Yes, that's true. Under the Minnesota constitution, in order for an amendment to pass, a majority of all those voting must vote for it. That means if you have a total of 20 voters and 9 vote for the amendment, 7 vote against and 4 not at all, the amendment still fails. In that case, you'd need 11 votes -- a simple majority -- for the amendment to succeed.
If gay marriage were eventually legalized, would teachers be required to teach about gay marriage in Minnesota schools?
The Minnesota Department of Education says districts develop their own curriculum in the state, but the state encourages national standards on health education for districts to use in devising their own standards.
In at least one other state that has legalized gay marriage, Massachusetts, schools have incorporated images of different models of families -- including same-sex couples and their children.
But there's an important catch: those images were part of a diversity curriculum, established well before the legalization of gay marriage in Massachusetts.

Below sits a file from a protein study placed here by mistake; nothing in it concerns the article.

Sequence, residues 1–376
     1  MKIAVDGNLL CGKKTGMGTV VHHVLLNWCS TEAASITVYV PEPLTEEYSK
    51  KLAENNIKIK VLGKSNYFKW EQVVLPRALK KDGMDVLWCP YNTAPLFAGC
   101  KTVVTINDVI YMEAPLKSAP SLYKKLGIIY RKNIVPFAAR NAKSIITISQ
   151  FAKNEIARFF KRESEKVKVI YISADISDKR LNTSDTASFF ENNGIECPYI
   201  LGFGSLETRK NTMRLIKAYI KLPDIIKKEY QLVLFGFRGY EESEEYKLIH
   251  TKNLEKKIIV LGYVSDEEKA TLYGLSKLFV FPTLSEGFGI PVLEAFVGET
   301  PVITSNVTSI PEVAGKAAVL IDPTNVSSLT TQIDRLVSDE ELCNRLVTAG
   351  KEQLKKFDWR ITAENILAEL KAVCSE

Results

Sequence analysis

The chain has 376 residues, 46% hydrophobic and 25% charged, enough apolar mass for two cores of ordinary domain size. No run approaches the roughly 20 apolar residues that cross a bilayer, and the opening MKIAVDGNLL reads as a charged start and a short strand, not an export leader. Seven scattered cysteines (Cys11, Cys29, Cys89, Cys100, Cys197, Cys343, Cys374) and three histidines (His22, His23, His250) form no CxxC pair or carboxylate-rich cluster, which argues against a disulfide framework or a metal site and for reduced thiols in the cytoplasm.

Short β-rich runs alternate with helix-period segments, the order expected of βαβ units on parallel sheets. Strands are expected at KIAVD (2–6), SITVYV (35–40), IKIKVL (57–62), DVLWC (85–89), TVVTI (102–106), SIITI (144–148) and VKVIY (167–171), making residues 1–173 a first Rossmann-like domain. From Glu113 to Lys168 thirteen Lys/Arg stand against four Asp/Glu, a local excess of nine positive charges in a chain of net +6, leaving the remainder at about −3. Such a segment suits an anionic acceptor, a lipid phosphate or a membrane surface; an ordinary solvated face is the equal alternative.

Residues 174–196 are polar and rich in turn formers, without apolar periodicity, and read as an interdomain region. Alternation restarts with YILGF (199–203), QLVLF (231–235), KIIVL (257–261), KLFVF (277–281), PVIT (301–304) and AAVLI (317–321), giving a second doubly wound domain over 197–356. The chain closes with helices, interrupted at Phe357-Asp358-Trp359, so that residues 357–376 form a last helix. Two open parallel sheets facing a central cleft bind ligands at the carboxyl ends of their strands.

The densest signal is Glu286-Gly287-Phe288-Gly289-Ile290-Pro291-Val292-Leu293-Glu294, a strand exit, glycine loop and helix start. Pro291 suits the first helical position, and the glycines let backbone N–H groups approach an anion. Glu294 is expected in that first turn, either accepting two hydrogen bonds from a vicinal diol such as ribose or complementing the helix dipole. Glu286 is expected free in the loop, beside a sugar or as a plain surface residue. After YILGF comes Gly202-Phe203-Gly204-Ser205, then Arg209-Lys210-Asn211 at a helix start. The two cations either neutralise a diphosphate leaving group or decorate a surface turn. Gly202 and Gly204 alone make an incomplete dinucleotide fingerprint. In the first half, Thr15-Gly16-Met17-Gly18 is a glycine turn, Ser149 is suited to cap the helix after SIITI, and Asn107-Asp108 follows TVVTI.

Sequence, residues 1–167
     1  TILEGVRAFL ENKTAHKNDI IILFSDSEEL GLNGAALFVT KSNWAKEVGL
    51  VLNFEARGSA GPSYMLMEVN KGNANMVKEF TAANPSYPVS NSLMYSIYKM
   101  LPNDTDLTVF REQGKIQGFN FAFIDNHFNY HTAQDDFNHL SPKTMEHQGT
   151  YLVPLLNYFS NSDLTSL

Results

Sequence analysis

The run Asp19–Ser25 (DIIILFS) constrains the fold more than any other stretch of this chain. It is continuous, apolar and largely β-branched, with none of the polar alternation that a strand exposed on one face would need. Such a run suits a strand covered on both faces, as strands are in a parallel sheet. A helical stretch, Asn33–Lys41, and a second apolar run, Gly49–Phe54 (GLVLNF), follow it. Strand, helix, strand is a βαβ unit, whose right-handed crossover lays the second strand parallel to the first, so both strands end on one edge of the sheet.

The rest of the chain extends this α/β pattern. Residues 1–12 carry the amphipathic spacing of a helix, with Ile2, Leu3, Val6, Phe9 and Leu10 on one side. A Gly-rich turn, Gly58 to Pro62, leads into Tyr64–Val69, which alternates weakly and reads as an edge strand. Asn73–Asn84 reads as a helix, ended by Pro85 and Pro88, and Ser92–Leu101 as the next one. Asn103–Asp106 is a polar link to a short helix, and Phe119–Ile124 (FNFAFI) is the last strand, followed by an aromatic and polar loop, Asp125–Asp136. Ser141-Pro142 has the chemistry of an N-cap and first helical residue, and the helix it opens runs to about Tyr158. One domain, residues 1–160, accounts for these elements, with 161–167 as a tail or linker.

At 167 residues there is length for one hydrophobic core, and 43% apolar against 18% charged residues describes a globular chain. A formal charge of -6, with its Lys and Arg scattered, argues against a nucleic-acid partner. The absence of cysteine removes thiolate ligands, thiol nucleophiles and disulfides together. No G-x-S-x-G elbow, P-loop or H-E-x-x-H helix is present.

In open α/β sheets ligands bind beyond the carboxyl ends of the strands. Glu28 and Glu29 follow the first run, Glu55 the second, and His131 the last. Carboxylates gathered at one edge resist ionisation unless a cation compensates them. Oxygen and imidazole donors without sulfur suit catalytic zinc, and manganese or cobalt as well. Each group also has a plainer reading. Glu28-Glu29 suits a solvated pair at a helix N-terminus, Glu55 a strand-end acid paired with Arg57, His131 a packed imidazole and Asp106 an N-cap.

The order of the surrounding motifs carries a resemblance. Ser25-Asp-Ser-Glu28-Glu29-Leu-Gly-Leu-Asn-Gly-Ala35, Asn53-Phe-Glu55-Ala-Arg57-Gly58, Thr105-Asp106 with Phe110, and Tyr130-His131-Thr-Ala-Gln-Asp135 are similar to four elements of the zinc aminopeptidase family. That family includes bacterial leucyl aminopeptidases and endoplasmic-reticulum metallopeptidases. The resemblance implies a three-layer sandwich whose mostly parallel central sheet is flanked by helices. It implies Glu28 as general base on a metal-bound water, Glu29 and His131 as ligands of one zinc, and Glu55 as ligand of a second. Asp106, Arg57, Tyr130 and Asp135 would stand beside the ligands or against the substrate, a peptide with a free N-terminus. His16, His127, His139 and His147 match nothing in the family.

The Voter ID Amendment:
How will voting change if the Voter ID amendment goes into the constitution?
Beginning July 1, 2013 you'll have to present a government-issued photo ID at the polling place before you're handed a ballot.
What if I don't bring an ID, or don't have one?
You'll be issued a provisional ballot. That ballot won't be counted until you return with a valid ID. The amendment doesn't say how much time you'll have to do that. In Minnesota county canvassing board review final tallies between three and 10 days after the election, before submitting them to the state for final certification.